What can I do if my employer refuses to provide a check for a work-funded scholarship?

Question Details: I work at a nursing home. It offers a scholarship to be used for educational purposes. I applied and was offered a scholarship worth $1,500. I signed a letter acknowledging my acceptance of this scholarship. I put my 2 weeks in after signing said document because I am moving to pursue education in a different city. Despite receiving verbal confirmation after acceptance that my departure will not affect the scholarship, my employer has since decided not to award me these funds. They do not cite any violation of the application or signed documentation, only that they "do not feel I should receive them if I am leaving the business". The amount of my scholarship was redistributed to other applicants. There is no language in either the application or acceptance document indicating that employment must continue after acceptance of the scholarship or that acceptance/receipt of the funds is in any way related to employment status. Is it legal for them to withhold scholarship funds offered to and accepted by me if I am not in violation of the agreement? Does this arrangement qualify as a binding agreement?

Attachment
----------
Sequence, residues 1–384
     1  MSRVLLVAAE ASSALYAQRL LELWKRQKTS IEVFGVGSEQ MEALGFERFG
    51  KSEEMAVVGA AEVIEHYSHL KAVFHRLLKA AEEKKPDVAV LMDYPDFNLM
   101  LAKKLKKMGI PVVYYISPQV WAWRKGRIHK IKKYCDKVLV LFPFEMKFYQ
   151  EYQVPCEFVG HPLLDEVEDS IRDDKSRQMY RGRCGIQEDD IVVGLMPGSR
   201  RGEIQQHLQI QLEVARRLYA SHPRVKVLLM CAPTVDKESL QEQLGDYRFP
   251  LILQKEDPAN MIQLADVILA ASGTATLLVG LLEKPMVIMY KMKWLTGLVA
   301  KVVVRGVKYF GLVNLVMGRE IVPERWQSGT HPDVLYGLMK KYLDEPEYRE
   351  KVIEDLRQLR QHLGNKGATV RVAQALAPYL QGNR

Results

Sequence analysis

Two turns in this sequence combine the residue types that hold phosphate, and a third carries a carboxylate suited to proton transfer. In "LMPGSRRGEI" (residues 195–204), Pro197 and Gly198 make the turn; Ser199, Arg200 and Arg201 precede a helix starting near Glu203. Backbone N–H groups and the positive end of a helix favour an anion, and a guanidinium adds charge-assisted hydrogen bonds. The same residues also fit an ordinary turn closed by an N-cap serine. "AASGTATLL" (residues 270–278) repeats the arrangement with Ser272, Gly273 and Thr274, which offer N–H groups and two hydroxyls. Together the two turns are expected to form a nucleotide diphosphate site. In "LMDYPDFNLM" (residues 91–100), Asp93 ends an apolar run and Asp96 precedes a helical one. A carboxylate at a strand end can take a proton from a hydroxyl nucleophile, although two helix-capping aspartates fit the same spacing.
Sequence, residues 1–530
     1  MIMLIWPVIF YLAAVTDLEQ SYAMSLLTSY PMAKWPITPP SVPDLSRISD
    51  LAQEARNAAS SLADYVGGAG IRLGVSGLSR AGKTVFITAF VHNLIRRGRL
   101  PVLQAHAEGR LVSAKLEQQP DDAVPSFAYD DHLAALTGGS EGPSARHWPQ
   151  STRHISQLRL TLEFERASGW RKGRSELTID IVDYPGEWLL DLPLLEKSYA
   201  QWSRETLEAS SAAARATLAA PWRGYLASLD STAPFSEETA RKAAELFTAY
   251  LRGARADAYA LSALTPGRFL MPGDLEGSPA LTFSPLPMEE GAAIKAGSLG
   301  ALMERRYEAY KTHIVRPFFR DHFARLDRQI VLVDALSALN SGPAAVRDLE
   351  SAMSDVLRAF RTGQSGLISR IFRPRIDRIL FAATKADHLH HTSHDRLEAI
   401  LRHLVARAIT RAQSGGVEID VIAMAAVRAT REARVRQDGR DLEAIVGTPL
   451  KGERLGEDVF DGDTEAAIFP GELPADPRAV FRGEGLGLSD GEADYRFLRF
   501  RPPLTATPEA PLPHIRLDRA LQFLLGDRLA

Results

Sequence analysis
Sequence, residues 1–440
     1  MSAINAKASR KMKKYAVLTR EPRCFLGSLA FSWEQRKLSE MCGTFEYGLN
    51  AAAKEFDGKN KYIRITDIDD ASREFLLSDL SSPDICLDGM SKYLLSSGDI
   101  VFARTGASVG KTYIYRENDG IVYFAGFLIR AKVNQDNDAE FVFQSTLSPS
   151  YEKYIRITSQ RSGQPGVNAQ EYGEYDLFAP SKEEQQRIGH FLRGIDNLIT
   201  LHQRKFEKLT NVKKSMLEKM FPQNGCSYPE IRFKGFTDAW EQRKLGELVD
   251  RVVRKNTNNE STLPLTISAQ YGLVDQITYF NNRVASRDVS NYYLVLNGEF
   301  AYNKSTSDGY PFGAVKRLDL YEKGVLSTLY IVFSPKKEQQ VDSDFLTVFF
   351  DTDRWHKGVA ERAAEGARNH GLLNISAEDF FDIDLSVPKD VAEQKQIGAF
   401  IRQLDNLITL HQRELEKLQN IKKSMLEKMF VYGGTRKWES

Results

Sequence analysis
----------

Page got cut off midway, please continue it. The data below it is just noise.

IMPORTANT NOTICE: The Answer(s) provided above are for general information only. The attorney providing the answer was not serving as the attorney for the person submitting the question or in any attorney-client relationship with such person. Laws may vary from state to state, and sometimes change. Tiny variations in the facts, or a fact not set forth in a question, often can change a legal outcome or an attorney's conclusion. Although AttorneyPages.com has verified the attorney was admitted to practice law in at least one jurisdiction, he or she may not be authorized to practice law in the jurisdiction referred to in the question, nor is he or she necessarily experienced in the area of the law involved. Unlike the information in the Answer(s) above, upon which you should NOT rely, for personal advice you can rely upon we suggest you go to AttorneyPages.com and retain an attorney to represent you.